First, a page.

Reference:
Ferrari, B. T. (2012). Power listening: mastering the most critical business skill of all. Penguin Group, New York, NY.

Resources for Positive Organization Development

Long-time readers and associates know of my interest in positive organization development. What follows is a short list of organization development resources for those readers who are interested in looking at some of the research supporting positive organization development.

First, a quote from Daniel Goleman, “As new ways of scientifically measuring human development start to bear out these theories and link them directly with performance, the so-called soft side of business begins to look not so soft after all.”

Bad is Stronger than Good
Research from Case Western University and the Free University of Amsterdam says, “Bad emotions, bad parents, and bad feedback have more impact than good ones, and bad information is processed more thoroughly than good.”  The implications are for experiences, interactions, and events at home and work. It takes 5 good interactions over a period of time to overcome 1 bad interaction or experience. The authors discuss extensive research in the positive-negative asymmetry effect. Food for thought: What impact would be felt if people in workplaces and families did their best to eliminate the negative patterns.

Appreciative Inquiry is Not (Just) About the Positive
Research from Simon Fraser University says, “Many people seem to get blinded by the ‘positive stuff’. After years of focusing on problems and deficits and dysfunction they get entranced with “focusing on the positive” and equate this with AI, but I don’t think that is the core of appreciative inquiry. Instead, the core of AI is generativity (Cooperrider & Srivastva,1987).” The implications here are for leaders and consultants who facilitate change in organizations. (Read more G.R. Bushe research here.)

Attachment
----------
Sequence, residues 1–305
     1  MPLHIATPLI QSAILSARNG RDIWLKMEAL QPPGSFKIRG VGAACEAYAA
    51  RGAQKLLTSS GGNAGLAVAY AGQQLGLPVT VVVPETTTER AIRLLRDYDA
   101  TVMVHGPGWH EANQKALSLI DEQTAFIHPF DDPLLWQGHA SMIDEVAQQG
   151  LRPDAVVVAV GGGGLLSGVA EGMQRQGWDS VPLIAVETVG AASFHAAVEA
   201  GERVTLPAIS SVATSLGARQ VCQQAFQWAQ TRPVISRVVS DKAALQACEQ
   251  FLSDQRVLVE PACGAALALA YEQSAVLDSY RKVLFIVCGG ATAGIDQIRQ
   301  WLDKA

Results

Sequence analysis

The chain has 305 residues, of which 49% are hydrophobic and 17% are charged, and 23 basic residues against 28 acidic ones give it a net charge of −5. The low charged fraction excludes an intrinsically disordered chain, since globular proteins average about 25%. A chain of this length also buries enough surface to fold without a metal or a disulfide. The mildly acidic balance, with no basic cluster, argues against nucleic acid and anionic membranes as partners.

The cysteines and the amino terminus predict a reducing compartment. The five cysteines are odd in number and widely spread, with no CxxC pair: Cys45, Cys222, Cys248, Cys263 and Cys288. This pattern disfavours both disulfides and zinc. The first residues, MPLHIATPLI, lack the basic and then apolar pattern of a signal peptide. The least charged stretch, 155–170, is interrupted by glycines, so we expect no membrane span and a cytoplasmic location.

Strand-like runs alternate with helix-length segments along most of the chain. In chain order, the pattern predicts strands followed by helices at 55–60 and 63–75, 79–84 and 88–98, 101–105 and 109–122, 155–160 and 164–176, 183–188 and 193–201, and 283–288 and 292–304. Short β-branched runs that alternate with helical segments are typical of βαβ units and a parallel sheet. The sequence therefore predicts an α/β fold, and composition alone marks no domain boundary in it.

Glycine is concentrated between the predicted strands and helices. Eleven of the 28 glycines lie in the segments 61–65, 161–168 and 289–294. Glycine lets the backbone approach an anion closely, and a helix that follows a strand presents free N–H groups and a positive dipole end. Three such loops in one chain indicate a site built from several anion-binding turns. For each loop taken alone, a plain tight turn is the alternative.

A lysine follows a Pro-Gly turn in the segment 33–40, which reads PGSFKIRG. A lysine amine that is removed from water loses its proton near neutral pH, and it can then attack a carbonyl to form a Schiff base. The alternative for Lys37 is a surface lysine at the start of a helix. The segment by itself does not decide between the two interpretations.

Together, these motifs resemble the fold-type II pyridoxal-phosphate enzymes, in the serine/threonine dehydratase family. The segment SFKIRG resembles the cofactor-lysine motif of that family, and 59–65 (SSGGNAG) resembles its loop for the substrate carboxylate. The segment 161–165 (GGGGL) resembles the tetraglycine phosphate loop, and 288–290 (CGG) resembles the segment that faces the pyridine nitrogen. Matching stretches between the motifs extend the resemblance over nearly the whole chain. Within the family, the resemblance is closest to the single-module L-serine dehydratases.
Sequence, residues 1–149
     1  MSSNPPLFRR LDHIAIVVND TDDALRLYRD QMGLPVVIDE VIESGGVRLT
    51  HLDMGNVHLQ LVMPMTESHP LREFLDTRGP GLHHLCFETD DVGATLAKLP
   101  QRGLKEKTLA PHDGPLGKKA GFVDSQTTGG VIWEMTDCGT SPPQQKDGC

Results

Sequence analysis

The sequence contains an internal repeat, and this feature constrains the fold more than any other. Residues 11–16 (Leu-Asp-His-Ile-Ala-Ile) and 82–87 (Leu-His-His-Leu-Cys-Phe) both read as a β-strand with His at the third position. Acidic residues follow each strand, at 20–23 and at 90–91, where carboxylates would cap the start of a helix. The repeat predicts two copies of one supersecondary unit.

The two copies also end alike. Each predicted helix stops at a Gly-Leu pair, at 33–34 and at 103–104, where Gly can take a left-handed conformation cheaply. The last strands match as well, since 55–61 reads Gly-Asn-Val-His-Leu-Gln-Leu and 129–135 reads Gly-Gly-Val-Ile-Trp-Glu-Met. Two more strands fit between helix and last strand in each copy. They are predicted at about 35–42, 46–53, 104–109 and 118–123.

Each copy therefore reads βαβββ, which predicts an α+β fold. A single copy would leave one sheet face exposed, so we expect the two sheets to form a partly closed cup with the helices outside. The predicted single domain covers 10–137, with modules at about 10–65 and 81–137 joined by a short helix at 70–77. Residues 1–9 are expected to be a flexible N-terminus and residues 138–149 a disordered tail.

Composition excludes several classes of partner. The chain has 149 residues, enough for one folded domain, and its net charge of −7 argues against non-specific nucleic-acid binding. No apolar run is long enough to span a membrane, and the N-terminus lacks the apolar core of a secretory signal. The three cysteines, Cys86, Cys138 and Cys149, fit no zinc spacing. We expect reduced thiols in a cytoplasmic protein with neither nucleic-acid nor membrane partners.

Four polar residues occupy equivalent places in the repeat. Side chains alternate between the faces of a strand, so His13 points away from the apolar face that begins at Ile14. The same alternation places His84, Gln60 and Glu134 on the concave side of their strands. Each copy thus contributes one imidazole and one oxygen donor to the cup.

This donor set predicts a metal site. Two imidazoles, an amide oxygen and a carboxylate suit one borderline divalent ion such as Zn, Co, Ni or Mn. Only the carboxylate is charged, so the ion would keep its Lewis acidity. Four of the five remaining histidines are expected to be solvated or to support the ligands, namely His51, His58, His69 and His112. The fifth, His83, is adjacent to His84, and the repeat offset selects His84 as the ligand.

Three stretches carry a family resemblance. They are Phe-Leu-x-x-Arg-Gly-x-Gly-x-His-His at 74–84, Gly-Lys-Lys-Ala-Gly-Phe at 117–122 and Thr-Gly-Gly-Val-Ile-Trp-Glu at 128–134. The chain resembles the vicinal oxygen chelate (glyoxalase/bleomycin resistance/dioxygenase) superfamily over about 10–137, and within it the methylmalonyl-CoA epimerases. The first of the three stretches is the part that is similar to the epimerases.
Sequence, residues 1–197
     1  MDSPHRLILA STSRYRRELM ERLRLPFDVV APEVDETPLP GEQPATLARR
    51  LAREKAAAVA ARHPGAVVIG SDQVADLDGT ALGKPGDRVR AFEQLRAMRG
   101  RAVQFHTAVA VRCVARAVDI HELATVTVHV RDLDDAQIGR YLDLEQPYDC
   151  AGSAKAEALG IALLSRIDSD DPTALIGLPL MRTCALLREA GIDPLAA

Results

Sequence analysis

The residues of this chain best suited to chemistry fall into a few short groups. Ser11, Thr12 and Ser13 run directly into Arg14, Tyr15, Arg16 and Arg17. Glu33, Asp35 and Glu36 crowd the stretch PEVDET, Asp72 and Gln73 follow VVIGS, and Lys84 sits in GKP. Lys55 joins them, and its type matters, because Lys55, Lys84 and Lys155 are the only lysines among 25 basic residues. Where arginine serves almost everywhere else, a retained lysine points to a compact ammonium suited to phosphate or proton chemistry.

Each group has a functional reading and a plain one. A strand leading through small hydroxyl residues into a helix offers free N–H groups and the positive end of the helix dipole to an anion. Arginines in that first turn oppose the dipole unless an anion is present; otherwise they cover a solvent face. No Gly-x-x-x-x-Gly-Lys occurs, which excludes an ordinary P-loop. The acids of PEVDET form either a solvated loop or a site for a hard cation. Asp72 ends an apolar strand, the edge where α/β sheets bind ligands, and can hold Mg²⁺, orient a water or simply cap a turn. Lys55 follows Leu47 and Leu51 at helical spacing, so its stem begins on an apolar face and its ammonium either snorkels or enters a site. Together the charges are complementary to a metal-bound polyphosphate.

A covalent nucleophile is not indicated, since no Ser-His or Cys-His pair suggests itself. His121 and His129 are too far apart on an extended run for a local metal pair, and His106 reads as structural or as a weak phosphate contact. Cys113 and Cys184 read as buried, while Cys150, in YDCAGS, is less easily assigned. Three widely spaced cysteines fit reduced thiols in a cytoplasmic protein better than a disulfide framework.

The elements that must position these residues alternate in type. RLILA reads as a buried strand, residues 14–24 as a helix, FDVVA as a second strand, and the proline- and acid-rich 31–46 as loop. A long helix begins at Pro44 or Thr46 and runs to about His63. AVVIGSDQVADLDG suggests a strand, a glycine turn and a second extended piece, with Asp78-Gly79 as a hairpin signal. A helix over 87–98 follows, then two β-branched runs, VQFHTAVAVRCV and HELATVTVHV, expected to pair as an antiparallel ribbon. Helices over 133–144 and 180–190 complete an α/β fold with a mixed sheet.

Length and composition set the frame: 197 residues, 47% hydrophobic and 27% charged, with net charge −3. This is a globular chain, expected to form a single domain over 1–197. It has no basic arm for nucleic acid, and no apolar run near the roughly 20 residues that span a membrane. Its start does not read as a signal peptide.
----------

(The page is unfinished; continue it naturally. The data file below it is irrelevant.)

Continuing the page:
Positive Deviance, and Performance
Research from the Ross School of Business at the University of Michigan says that the greater the levels of perceived trust and compassion, “the greater the amount of innovation, quality, and customer retention, and the lower the amount of employee turnover.” The Discussion section, which begins on page 33, has a summary of the work being done in Positive Organization Scholarship. The questions here are for those who have the greatest potential to impact an organization’s culture, creating an environment where people and the bottom line thrive. (Read more from UM here.)

Open Hearts Build Open Lives
Research from the University of North Carolina Chapel Hill and the University of Michigan says, “People’s daily experiences of positive emotions compound over time to build a variety of consequential personal resources.” How can organizations intentionally work to build positive cultures that support the well-being of the organization and the people who create it? (Read more from UNC here.)

Social Intelligence and the Biology of Leadership
Research from Harvard University in summary says, “As we explore the discoveries of neuroscience, we are struck by how closely the best psychological theories of development map to the newly charted hardwiring of the brain. … [it is important to provide] a secure base from which people can strive toward goals, take risks without unwarranted fear, and freely explore new possibilities.” All of this is linked directly to improved performance by both personnel and the bottom line.” A good overview of social intelligence and how awareness impacts organizations. (Read more research from the EI Consortium here.)